Strengthening Aboriginal Relationship Project summary
While we’re in updating mode, here’s a summary of how the “Strengthening Aboriginal Relationship Project” went. The project made up the first part of the spring Pastoral Care Year learning circle, and was held at the North End Stella Community Ministry in Winnipeg. Here’s Ted’s wrap-up:
The spring 2012 learning circle, March 14-29, of the Centre for Christian Studies (CCS) involved fifteen students for diaconal ministry and CCS program staff in an exploration of pastoral care themes. Three days of this educational time were devoted to intentional connection with the First Nations community as we explored topics in pastoral care accompanied by two indigenous elders, five students and staff from the Sandy-Saulteaux Spiritual Centre, four members of the North End (Stella) Community, and four aboriginal workshop leaders. From March 15-17, 2012, a series of workshops/teachings, were facilitated by aboriginal leaders, at the North End (Stella) Community Ministry, and the offices of the All Native Circle Conference, in Winnipeg.
We consider that our purpose – to strengthen diaconal students’ understanding and appreciation for aboriginal culture and worldview, their awareness and sensitivity toward the history of colonialism and church mission, and their compassion and ability to respond in specific areas of pastoral concern – was met in ways that touched the students deeply and contributed to their hope and vision for meaningful, respectful, and authentic intercultural dialogue. One CCS student commented in her evaluation, “I will take these teachings into my life and ministry…It was a feast that I will digest for a long time.”
The three days of workshops integrated community building, and teachings and ceremonies from traditional aboriginal spirituality. As well, small group outings in the neighbourhood included opportunities to visit First Nations services and community development projects. Throughout the project First Nations elders were present sharing their wisdom and guidance formally in the learning circle and informally over meals and breaks. We addressed issues related to addictions, mental health, suicide and corrections/ institutionalization — concerns faced in these communities as a result of colonialism and residential schools — while upholding the rich spirituality and insights of indigenous culture.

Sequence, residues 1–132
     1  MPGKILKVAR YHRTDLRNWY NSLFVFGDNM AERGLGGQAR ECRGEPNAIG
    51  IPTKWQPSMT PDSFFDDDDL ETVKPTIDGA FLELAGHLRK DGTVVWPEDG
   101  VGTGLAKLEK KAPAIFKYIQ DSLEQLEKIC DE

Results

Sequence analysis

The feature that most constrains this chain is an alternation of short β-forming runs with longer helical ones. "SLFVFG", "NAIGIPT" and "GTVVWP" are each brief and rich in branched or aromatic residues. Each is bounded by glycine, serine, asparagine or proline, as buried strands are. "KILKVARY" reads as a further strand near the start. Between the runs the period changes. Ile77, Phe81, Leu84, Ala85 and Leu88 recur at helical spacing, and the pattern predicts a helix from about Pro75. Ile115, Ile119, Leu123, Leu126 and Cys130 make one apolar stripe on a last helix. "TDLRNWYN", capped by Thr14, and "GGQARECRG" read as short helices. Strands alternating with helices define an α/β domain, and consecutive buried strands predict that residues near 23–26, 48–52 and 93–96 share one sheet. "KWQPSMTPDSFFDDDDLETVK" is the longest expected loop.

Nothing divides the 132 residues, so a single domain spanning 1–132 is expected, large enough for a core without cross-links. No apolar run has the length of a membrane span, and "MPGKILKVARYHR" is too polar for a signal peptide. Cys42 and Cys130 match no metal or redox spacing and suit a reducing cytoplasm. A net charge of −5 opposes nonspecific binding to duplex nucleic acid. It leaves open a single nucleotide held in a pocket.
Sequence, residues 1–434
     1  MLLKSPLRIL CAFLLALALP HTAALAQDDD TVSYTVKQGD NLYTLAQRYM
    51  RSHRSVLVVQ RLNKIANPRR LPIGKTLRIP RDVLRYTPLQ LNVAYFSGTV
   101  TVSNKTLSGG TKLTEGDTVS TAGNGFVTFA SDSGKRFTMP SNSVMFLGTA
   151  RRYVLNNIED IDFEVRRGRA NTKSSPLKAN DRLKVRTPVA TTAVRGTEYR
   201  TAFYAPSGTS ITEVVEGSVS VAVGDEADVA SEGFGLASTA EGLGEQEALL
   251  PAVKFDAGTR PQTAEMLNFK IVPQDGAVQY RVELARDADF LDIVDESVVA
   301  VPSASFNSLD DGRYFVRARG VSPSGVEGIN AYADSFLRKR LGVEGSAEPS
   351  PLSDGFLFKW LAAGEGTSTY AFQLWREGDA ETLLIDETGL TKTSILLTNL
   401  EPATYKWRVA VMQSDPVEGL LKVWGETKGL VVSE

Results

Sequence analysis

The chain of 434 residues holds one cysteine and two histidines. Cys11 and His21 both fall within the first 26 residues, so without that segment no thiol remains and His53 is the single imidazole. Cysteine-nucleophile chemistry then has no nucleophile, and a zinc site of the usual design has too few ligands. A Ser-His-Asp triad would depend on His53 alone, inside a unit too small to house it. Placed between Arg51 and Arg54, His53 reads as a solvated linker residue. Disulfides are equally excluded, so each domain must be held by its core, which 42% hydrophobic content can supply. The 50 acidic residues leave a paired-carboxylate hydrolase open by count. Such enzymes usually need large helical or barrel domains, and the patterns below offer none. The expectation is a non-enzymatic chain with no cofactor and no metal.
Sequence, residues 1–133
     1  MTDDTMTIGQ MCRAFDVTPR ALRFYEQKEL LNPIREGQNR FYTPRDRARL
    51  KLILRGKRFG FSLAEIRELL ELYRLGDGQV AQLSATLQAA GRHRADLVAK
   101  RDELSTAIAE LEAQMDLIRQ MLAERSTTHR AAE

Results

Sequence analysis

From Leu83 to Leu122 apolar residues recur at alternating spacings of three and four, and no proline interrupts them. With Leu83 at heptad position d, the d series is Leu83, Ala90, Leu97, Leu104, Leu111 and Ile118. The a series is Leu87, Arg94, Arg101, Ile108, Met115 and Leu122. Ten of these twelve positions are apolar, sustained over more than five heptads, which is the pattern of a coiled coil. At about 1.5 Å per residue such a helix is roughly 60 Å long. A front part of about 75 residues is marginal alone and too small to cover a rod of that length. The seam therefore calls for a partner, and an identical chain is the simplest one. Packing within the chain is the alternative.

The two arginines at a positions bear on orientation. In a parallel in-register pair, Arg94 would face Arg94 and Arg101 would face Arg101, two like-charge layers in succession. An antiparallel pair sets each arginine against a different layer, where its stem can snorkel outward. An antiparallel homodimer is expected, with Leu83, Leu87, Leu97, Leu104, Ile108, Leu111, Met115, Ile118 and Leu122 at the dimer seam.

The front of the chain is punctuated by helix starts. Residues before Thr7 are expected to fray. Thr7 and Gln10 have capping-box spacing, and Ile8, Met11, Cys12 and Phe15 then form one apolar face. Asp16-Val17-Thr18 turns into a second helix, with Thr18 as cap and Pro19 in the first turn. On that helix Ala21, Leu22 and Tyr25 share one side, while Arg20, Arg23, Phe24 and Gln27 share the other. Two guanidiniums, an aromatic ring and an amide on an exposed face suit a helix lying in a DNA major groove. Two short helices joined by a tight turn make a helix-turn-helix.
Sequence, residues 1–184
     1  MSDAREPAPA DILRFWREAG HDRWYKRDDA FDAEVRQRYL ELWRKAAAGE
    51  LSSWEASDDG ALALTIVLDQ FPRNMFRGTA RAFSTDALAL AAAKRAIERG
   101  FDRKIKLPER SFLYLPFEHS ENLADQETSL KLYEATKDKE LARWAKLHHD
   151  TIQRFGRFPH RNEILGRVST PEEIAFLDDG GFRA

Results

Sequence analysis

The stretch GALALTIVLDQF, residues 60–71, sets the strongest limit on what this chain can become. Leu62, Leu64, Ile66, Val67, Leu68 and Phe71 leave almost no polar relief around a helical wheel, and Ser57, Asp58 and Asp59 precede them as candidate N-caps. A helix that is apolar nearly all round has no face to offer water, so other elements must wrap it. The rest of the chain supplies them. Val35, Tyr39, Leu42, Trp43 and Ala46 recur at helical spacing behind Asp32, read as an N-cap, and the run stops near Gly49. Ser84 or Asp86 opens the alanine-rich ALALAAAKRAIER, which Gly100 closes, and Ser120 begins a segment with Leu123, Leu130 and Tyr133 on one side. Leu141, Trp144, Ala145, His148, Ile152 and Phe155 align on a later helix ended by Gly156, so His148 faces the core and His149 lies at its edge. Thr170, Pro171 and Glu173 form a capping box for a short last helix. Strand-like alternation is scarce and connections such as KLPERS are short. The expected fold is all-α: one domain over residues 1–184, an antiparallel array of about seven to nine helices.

We were blessed by amazing leadership. An exploration of the seven sacred teachings — love, respect, courage, honesty, wisdom, humility, truth – and their connections to pastoral care was led by our elders, Stan McKay and Barbara Shoomski. The National Indigenous Anglican Bishop, Mark MacDonald, offered reflection on the legacy of colonialism and residential schools from a thought-provoking and courageous perspective. Roman Catholic deacon, story-teller, and successful author of several books about Nanabosho, Joe McLellan, artfully and playfully led us through some of the teachings of the trickster. Nanette McKay, a United Church minister working in Child and Family Services, raised challenging questions about the systems and structures built around the care and treatment of aboriginal young people in Canadian society. Melody McKellar, aboriginal elder at the Selkirk Mental Health Centre, shared teaching about the four-legged, feathered and finned creatures in relation to pastoral identity and work in mental health. To close, participants shared their thoughts and learnings in a talking circle, revealing a strong sense of solidarity with one another and powerful integration of learning.